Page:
Matthew Parris of The Times is very much 'a BBC type', so it's not surprising to find him worrying about the "threatening attitude" to the BBC now abroad. He exhorts us, however cross we might sometimes get about it, to feel love and pride in the BBC - "a corporation that’s a model to the whole world’s media". But he also blames the BBC, claiming that their news website has put the corporation's "ancient reputation" at risk in "the search for online clicks":
Dispensing with editorial judgment in pursuit of mere traffic betrays an institution’s failure of confidence in us, its customers, whom in a less jittery age it thought it knew. Media companies lose their nerve, deferring to what the data says, wrongly, about us. Collapse in internal self-belief is as much a cause of shakiness in our institutions as an external attack.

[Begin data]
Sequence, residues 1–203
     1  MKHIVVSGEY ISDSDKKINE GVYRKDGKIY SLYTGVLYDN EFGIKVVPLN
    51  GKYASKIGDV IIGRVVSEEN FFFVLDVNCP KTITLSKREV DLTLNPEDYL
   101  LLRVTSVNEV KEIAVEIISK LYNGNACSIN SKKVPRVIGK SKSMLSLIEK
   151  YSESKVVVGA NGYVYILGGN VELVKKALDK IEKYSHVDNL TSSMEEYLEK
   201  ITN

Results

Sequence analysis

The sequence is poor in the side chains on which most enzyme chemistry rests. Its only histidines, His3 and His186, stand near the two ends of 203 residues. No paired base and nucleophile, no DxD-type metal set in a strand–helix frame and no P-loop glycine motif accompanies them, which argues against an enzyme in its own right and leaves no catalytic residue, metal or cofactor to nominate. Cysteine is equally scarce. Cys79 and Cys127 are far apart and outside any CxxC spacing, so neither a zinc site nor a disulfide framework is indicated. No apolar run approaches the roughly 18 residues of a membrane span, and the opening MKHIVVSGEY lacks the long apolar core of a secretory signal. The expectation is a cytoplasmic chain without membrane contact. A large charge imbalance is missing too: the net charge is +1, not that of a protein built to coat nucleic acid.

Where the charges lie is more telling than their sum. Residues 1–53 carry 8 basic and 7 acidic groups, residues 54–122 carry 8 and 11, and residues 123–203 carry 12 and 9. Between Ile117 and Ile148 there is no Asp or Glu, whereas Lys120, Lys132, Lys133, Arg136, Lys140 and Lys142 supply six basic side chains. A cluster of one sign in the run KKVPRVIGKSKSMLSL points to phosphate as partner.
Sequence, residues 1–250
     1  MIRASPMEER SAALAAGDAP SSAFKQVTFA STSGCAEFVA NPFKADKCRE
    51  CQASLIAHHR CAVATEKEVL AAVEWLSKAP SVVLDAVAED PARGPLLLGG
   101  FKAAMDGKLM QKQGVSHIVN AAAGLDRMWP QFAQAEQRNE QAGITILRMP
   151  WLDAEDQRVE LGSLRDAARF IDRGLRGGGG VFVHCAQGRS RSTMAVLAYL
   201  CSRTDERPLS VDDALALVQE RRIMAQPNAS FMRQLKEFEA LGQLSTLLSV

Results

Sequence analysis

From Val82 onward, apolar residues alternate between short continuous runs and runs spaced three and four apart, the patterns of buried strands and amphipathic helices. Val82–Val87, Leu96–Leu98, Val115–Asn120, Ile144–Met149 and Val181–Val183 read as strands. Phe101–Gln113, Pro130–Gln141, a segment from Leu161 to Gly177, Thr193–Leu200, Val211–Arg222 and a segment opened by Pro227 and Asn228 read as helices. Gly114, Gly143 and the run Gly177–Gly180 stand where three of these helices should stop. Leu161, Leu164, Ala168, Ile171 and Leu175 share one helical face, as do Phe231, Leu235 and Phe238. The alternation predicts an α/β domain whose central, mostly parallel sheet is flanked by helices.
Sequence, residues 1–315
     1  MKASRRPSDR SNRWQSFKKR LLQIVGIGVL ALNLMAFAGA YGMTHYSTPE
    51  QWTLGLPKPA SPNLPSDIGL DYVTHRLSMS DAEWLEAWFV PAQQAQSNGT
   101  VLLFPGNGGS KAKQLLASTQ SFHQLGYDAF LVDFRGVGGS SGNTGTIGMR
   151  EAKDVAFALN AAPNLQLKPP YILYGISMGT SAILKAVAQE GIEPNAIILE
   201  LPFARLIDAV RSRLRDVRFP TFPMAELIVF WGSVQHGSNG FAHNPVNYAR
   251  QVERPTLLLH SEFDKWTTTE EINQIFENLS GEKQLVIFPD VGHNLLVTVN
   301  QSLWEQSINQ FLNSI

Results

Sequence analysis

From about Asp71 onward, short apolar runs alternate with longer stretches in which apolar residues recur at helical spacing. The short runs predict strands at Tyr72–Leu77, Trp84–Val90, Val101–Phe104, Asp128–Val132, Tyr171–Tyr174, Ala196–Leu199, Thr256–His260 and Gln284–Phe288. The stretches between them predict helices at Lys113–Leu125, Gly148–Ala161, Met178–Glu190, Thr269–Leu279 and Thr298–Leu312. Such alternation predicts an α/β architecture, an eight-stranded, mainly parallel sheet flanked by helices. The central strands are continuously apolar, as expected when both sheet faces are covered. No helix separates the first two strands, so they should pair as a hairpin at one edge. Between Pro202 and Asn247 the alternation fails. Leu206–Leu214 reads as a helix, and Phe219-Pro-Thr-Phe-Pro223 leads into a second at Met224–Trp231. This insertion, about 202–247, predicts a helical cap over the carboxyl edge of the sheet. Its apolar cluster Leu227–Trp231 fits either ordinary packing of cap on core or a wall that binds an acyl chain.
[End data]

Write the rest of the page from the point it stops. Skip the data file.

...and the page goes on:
I take his point about the BBC using 'clickbait' on its News website, but I'd question whether a "collapse in internal self-belief" is behind it. I suspect a lot of confident, misguided self-belief is actually behind it.
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